Unlike to surface laser structuring of large continuous surfaces areas, like e.g. design structures, tribological micro structures consist of repeating single elements. In order to enable automated manufacturing, a software tool has been developed, which is capable of combining laser tool path data for single micro geometry elements with work piece macro geometry. Hence, program data for laser structuring systems can be obtained automated, while control commands for laser sources can be adapted according to utilized systems.
By comparing short pulse and ultra-short pulse laser process and systems, an economic evaluation has been conducted in order to supply integration concept for the demonstrator manufacturing chains.



Project Context and Objectives:
Economic losings caused by wear and friction are still tremendous, just in Germany the losings are amounted to 100 bn € p.a. for Europe the losses exceed 400 bn €. Investigations within the last years have shown that laser manufactured structures can exert considerable influence on the tribological behavior of surfaces. Besides hydrodynamic effects, which can improve friction, the ability of the structures to store lubricant lead to the maintenance of a lubrication film.

As the state of the art techniques for laser surface structuring, particularly for tribological applications are mainly on an a R&D level, the production technology is in need of adequate manufacturing techniques. Main topics in this field of research are the inevitable pre- and post-treatment steps of current laser surface structuring techniques as well as the high process durations. The overall goal of this project was to solve both of those tasks by the development and realization of a process technology, which enables the process chain integrated laser surface structuring of hydraulic parts. The project aimed to cover a defined segment of a growing market and the technological achievements will offer the participating SMEs promising options of upgrading their product values. In addition to the direct improvement of single systems by the investigations on demonstration parts within the project, the high transferability of the technique to further products should enable the value enhancement of whole product classes. This can offer the possibility of a strong enhancement of the total product output.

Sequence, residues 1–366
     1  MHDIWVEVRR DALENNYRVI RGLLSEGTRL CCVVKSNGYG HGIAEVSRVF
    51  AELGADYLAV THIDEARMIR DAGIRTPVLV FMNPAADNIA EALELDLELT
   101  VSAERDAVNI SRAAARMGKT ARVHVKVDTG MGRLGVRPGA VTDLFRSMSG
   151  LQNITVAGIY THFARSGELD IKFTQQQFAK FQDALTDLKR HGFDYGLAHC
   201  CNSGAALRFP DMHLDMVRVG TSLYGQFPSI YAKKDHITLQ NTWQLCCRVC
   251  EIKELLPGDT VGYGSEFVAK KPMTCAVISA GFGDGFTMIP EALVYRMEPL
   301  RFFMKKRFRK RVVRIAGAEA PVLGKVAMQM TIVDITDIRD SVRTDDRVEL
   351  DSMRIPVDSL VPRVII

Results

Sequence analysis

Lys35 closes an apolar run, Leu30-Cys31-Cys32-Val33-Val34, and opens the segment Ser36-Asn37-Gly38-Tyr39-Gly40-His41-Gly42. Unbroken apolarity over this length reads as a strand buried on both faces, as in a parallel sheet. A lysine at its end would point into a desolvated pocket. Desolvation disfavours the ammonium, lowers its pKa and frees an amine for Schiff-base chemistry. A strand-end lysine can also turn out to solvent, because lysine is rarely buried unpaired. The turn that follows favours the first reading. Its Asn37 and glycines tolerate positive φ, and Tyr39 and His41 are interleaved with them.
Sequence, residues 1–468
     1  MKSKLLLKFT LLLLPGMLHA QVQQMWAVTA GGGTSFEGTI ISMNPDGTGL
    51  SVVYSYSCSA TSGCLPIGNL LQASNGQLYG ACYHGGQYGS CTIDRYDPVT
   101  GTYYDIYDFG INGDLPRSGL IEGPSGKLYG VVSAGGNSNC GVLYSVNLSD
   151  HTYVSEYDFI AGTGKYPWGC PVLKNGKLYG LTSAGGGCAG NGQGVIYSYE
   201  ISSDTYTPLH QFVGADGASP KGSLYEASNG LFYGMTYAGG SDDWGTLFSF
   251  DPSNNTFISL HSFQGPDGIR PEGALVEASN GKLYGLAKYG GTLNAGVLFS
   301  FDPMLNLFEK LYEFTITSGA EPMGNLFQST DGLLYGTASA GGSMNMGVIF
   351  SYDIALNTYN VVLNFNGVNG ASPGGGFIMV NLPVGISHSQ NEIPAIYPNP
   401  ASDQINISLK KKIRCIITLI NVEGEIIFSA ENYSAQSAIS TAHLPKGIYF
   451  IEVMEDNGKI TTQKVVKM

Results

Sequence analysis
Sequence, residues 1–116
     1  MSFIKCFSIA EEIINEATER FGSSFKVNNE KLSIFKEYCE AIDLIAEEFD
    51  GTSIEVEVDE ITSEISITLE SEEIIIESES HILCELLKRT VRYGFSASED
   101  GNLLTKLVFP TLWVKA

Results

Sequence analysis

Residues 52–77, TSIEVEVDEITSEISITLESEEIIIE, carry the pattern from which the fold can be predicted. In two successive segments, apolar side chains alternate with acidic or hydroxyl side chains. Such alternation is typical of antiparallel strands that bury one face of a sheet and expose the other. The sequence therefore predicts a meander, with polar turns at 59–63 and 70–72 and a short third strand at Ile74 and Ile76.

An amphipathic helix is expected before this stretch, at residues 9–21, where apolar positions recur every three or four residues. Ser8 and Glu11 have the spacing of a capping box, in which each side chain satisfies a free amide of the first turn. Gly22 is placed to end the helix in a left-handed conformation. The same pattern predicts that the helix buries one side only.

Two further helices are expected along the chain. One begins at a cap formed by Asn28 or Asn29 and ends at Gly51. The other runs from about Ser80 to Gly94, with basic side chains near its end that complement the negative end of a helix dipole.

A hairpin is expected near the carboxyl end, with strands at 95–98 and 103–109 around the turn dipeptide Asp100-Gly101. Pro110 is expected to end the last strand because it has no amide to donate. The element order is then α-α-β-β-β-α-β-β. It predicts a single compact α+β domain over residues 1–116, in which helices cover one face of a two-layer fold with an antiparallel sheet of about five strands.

The S&T objectives of the project were:
1. The development of an ultra-short pulse laser surface structuring (USPLSS) process in order to obtain the possibility of manufacturing complex micro structures on the surface of free formed surfaces.
2. The verification of the tribological functionality of these laser manufactured surface micro structures and such the supply of a comprehensive technological overview of micro structures and their influence on tribological performance. The functional surfaces should include the entire manufacturing history by including the initial surface of the samples into the tribological investigations.
3. The derivation of concept requirements for integration of the laser process into production lines in order to supply a basis for utilization in mass production.


Project Results:
The first period of the project has been used for installing the necessary manufacturing systems, the laser structuring machine on the one hand and the tribological test systems on the other hand. Within the second period, the experimental work on laser micro structuring and tribological investigations has been conducted. Main focus were the design and manufacturing of micro structure elements on different samples for tribometer tests and the investigations on the influence of those micro structures on friction. Therefore demonstrator systems have been selected from the production portfolio of the participating suppliers, such as pump components (for rotor pump and gear pump) and rubber seals. On basis of the design and working conditions of those demonstrators test samples were designed.